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    $\begingroup$ Just to be clear, I say this not to dissuade you — this could be a fun and productive conference — but just to warn you that organizing a conference involves a lot more than just picking a venue and sending out invitations. My guess is that some of the downvotes stemmed from a perception that you seemed a bit naive about what goes into this kind of thing. By the way, I was not one of the downvoters. $\endgroup$ Sep 16 at 13:52
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    $\begingroup$ @AndyPutman My intention was to fund the event myself. My family has a 60+ acre horse ranch about 30 minutes outside San Francisco that I used for the 2019 party, and I'm confident that we can outfit the property for a conference of anywhere from a few hundred to a few thousand people (multiple arenas that can be retrofitted with chairs and stages, etc.). All the trimmings and fixings were also going to be coming out of my pocket -- I was expecting to cover travel and lodging for any invited speakers, and am open to the idea of additional support being made available. $\endgroup$
    – Alec Rhea
    Sep 16 at 14:52
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    $\begingroup$ @JoelDavidHamkins Excellent, you're one of the community members I was most looking forward to inviting to speak! $\endgroup$
    – Alec Rhea
    Sep 16 at 14:54
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    $\begingroup$ Wow, sounds great! $\endgroup$ Sep 16 at 15:59
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    $\begingroup$ @AlecRhea: Good, it sounds like have thought about a lot of the issues. The only piece of advice I'd give is to try to recruit a scientific committee from among academic mathematicians who are active on MO. This will not only give you credibility, but also help with lots of logistical things that might come up (e.g., how to phrase invitations, how to navigate the politics of who to invite and who is likely to come, etc.). $\endgroup$ Sep 16 at 19:25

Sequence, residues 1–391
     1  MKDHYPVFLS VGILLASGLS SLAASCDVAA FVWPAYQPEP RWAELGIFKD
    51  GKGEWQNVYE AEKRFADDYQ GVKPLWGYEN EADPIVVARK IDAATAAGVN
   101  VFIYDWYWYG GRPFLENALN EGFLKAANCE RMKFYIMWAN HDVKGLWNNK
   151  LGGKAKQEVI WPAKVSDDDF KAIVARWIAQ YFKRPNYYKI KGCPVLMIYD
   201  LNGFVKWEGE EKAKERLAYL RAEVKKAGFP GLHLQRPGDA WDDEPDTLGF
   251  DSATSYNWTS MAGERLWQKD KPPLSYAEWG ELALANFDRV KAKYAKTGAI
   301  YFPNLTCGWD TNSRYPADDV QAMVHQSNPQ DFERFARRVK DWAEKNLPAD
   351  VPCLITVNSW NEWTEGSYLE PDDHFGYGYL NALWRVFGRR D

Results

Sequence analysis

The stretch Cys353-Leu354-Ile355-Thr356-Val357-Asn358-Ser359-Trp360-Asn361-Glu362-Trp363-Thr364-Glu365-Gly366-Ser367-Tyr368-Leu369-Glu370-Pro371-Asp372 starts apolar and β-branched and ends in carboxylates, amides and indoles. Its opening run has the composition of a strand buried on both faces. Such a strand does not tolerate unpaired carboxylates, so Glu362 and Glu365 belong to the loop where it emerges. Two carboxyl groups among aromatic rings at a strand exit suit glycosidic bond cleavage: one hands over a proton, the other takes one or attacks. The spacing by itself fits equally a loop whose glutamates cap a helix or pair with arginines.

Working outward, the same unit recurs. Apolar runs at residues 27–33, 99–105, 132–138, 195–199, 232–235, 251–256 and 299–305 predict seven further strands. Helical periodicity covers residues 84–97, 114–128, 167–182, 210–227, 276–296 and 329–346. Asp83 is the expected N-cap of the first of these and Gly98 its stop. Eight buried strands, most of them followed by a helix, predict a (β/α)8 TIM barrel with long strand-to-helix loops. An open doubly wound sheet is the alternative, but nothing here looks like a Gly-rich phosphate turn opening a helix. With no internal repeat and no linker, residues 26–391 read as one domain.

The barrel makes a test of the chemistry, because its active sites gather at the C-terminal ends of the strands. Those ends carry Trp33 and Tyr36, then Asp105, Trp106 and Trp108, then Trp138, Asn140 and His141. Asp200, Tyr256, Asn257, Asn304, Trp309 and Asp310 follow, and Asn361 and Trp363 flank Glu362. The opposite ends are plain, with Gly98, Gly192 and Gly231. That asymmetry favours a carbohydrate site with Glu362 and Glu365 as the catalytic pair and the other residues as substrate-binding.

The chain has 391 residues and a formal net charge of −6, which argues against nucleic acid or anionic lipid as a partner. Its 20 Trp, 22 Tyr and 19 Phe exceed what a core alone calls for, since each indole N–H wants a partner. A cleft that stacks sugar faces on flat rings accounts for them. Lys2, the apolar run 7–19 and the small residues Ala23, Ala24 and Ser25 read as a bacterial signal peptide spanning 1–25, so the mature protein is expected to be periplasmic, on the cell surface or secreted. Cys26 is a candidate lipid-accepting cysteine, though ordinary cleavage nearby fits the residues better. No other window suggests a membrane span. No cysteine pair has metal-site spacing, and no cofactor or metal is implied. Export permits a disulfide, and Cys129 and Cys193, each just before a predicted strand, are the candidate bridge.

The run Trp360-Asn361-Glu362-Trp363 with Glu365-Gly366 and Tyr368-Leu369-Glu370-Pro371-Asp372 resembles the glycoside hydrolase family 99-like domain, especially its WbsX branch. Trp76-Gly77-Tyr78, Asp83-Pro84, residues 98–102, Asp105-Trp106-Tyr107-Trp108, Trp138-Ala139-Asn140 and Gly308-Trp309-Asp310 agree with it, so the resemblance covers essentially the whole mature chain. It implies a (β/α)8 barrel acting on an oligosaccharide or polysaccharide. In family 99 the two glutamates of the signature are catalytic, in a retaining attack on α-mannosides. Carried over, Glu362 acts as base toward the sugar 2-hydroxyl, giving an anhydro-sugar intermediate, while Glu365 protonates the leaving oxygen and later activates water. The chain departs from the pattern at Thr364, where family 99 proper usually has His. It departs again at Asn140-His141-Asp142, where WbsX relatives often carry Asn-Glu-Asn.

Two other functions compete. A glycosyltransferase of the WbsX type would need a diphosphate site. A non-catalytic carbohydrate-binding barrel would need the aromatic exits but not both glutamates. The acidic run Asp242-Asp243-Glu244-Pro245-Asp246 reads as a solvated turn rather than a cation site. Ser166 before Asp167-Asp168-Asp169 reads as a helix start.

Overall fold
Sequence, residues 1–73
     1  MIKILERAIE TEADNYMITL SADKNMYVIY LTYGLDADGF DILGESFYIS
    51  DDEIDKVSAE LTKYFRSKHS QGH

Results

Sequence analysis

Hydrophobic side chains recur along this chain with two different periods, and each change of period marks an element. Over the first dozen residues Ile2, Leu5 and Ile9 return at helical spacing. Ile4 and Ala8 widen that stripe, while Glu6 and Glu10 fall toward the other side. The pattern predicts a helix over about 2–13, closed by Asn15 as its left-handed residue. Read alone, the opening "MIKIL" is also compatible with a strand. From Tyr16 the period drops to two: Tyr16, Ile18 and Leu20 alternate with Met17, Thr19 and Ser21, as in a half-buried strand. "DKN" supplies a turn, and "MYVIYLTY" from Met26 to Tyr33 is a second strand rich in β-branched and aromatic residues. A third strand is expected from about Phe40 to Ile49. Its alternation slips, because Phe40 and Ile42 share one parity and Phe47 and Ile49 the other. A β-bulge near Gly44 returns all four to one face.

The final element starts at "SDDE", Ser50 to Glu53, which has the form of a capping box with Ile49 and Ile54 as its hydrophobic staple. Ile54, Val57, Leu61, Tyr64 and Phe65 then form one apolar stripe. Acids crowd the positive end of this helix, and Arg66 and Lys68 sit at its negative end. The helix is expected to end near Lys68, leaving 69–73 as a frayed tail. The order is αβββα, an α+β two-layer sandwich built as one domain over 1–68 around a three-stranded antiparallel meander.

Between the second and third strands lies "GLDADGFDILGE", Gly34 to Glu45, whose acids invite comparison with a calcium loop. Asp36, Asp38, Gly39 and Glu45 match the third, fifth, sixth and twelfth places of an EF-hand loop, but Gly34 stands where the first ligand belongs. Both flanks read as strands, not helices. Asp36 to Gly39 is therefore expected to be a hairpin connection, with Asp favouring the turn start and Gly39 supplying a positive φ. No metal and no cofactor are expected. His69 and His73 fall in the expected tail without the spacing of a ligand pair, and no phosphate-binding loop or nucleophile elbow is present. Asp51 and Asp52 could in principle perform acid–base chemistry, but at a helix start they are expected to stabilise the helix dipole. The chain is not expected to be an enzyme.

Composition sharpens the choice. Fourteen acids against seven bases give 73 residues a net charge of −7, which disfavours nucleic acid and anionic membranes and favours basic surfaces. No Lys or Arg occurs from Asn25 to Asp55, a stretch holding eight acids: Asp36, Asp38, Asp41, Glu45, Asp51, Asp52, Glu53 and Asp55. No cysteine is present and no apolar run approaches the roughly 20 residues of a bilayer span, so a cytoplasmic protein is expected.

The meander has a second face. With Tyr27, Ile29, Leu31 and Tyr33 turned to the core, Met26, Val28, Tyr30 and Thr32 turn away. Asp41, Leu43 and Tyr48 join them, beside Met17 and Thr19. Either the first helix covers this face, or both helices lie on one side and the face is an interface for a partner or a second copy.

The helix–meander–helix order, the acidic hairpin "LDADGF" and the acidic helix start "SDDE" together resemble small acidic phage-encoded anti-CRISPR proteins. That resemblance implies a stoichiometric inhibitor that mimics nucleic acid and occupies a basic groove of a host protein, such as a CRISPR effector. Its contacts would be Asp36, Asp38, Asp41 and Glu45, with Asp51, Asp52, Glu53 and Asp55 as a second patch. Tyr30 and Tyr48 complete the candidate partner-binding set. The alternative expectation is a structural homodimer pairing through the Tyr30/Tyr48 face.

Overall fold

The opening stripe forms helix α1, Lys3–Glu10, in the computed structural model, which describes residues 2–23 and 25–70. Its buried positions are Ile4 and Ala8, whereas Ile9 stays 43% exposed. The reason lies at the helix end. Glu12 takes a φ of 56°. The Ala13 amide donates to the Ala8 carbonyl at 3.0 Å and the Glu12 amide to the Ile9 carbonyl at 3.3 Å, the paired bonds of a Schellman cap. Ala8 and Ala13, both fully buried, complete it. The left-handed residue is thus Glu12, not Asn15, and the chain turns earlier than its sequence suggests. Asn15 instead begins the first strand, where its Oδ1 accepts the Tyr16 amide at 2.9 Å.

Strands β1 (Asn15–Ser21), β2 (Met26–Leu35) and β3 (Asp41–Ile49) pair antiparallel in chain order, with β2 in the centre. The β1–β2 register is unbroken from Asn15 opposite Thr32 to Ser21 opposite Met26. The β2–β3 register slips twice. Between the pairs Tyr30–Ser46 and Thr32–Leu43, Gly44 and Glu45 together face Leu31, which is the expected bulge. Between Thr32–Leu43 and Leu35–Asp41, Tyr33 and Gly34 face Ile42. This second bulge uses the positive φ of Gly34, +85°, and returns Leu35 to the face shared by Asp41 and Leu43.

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    $\begingroup$ The annual JMM (joint mathematics meetings) often contains within it meetings of various smaller organizations. $\endgroup$ Sep 17 at 1:01
  • $\begingroup$ @AndyPutman Thank you, this is exactly the kind of advice I was looking for. I'll begin compiling a list of candidates for a scientific committee and send out emails within the next few days! $\endgroup$
    – Alec Rhea
    Sep 17 at 5:14
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    $\begingroup$ @Alec Rhea: Wouldn't it be much more responsible to organize a virtual conference? A face-to-face event means that many participants are flying to SF, produce tons of harmful carbon emissions and accellerate climate crisis. We all are familiar with online conferences since covid-19 pandemic and they work quite well. Also its likely that more MO members around the world could attend a virtual than a physical conference, be it for cost, time or political reasons (for example, it can be hard for mathematicans from Russia or Iran to get an entry permit for the USA). $\endgroup$
    – tj_
    Sep 18 at 12:32